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Why Zoom can’t save the world


Ricardo Hausmann, a former minister of planning of Venezuela and former chief economist at the Inter-American Development Bank, is a professor at the Harvard Kennedy School and Director of the Harvard Growth Lab.

Before Covid-19, spending on business travel totalled $1.5 trillion a year (about 1.7% of world GDP). Now it is down to a trickle, as countries have closed their borders and social distancing has taken hold. Planes have been grounded, hotels are closed, and executives are not earning frequent-flier miles. Will this change last?

Many travel and hospitality jobs are feeling the consequences of the decline in business travel because of the coronavirus pandemic. But if this were all there was to it, the impact, however large, would probably be much smaller than the decline in general international tourism, and easily reversible once the pandemic ends.

Alas, recent research by Harvard’s Frank Neffke, Michele Coscia of IT University in Copenhagen, and me, forthcoming in the peer-reviewed journal Nature Human Behavior, finds that the impact of closing down business travel may be much larger and more durable. To understand why, we first must ask ourselves why business travel was so big to begin with, and why it had been growing at three times the rate of global GDP, despite the availability of Skype, Facetime, WhatsApp, or just e-mail – all tools that predate both Covid-19 and Zoom.

Was it all about perks, or was that $1.5-trillion mostly money well spent? If so, why, and what are the implications if those activities are now restricted?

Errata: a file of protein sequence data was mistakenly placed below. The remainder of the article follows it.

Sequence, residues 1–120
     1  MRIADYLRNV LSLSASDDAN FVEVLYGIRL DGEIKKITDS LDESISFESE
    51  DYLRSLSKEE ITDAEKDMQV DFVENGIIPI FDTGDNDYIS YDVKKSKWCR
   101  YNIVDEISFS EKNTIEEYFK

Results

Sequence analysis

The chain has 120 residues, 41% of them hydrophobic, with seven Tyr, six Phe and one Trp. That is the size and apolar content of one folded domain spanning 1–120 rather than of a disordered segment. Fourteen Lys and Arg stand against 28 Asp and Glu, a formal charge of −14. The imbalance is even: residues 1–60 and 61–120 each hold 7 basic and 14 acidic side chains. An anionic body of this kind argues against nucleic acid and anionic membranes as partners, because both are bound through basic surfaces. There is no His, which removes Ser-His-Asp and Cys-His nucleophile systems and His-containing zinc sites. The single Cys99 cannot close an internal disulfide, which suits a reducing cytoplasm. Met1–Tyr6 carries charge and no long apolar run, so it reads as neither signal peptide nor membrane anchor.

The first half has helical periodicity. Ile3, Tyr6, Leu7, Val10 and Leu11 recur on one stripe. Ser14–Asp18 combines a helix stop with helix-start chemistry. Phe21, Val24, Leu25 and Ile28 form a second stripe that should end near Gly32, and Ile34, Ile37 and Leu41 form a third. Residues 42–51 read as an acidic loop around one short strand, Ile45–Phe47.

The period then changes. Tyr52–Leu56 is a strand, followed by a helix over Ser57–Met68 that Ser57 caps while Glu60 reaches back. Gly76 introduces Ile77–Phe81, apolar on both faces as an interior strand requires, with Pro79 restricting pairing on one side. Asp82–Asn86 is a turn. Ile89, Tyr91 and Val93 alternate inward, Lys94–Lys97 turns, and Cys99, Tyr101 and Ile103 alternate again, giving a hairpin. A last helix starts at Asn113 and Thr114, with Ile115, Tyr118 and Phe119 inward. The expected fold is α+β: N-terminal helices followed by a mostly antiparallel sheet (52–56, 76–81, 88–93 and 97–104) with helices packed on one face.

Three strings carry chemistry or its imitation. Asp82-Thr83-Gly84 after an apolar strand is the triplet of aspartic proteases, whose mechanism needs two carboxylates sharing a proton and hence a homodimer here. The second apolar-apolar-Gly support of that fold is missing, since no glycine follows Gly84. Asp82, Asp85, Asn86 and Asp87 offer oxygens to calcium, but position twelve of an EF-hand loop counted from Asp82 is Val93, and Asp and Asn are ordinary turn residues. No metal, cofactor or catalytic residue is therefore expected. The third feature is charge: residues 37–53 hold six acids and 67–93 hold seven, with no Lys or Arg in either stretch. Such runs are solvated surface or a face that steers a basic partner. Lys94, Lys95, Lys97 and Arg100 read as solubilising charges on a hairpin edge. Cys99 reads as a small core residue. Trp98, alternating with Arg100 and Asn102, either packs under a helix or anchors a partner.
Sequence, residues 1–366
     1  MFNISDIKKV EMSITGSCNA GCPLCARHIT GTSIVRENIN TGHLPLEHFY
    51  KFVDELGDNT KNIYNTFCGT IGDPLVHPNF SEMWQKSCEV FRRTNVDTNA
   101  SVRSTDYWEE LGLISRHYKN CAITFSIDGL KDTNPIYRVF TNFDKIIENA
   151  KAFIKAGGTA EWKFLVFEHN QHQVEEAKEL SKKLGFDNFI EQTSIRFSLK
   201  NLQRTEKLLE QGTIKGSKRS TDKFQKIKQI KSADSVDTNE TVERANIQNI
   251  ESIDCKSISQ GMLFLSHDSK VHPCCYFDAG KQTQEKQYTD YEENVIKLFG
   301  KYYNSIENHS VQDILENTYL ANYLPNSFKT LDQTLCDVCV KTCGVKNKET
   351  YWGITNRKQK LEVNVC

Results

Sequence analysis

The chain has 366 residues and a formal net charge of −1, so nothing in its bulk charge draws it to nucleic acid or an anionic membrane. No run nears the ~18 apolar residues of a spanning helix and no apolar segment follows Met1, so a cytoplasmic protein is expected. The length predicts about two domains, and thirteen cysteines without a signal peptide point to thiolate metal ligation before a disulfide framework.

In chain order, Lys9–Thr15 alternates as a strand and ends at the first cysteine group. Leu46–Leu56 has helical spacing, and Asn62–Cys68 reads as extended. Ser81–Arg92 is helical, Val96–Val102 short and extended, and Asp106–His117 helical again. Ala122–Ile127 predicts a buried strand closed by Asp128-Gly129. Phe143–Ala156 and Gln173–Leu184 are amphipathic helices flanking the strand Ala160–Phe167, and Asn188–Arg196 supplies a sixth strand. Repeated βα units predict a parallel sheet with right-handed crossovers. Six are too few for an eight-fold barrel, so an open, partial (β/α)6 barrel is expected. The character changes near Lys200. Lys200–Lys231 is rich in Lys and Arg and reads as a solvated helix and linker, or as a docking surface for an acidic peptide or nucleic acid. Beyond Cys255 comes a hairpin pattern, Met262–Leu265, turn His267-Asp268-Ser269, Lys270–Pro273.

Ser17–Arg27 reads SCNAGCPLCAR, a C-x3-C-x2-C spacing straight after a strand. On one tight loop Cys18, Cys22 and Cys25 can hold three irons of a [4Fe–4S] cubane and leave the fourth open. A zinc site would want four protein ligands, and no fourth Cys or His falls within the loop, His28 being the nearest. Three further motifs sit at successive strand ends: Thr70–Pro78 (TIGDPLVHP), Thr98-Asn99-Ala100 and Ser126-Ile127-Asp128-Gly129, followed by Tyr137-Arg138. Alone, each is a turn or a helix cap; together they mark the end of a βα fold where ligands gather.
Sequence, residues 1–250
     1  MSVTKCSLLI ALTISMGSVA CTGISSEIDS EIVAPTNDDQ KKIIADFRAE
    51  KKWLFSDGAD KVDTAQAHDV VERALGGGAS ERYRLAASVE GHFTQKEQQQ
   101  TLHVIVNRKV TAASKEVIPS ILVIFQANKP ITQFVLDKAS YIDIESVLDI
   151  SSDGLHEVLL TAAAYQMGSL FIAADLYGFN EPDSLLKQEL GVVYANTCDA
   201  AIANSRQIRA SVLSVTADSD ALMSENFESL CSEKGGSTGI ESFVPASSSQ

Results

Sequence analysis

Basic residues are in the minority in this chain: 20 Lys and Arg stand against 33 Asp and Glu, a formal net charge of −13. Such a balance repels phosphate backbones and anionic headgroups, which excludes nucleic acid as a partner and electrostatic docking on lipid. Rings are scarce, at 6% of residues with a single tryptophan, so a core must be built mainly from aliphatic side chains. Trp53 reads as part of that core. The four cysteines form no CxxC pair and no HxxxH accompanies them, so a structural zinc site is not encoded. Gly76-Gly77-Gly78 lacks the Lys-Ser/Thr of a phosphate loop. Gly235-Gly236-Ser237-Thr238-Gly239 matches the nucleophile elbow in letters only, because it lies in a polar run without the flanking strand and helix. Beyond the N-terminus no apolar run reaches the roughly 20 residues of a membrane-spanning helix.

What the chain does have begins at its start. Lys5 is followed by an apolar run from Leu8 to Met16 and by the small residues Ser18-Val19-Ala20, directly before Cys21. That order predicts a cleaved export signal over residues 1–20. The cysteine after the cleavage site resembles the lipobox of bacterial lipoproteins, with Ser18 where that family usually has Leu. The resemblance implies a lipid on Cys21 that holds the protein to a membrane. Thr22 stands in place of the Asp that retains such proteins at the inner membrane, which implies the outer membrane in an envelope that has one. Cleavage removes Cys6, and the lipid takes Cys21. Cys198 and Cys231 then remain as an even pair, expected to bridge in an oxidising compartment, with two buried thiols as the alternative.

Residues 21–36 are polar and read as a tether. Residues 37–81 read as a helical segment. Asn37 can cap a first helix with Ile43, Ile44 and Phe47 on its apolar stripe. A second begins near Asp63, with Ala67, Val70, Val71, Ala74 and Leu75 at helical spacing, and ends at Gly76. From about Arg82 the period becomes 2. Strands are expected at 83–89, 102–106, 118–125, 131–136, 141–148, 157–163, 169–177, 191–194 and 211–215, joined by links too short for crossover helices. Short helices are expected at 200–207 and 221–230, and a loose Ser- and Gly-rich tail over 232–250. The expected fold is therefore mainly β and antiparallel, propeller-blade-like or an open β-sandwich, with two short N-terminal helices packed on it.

Clearly, when we started this research, we could not have imagined such a complete shutdown of business travel. But our analysis does shed light on the possible consequences.

At the time, we were studying technological diffusion. Technology, we argue, is really three types of knowledge: embodied knowledge in tools; codified knowledge in codes, recipes, formulas, algorithms, and how-to-do manuals; and tacit knowledge in brains. Of the three, tools and codes are easy to move around, but know-how moves very slowly from brain to brain through a long process of imitation, repetition, and feedback, as when learning to speak a new language or to play a musical instrument.

As Malcolm Gladwell argues in his book Outliers, it can take 10,000 hours of practice to become good at something. Faced with the difficulty of moving know-how from brain to brain, people long ago figured out that it was much easier to just move the brains. Many scholars, including us, had studied the movement of know-how between firms, regions, and countries through labour mobility, migration and diasporas.

But what about business travel? In previous work, we had shown that it is poorly correlated with trade or even new flows of foreign direct investment. It seems to be much more closely correlated with the number of establishments in one country that are owned by firms in another country.

According to Dun & Bradstreet, there are 1.5 million such establishments in the world. To run a firm, you need not only information, but also the capacity to figure things out. You need know-how. One of the advantages of multinational corporations and global consulting, accounting, and law firms is that they can move that capacity to different points in their network.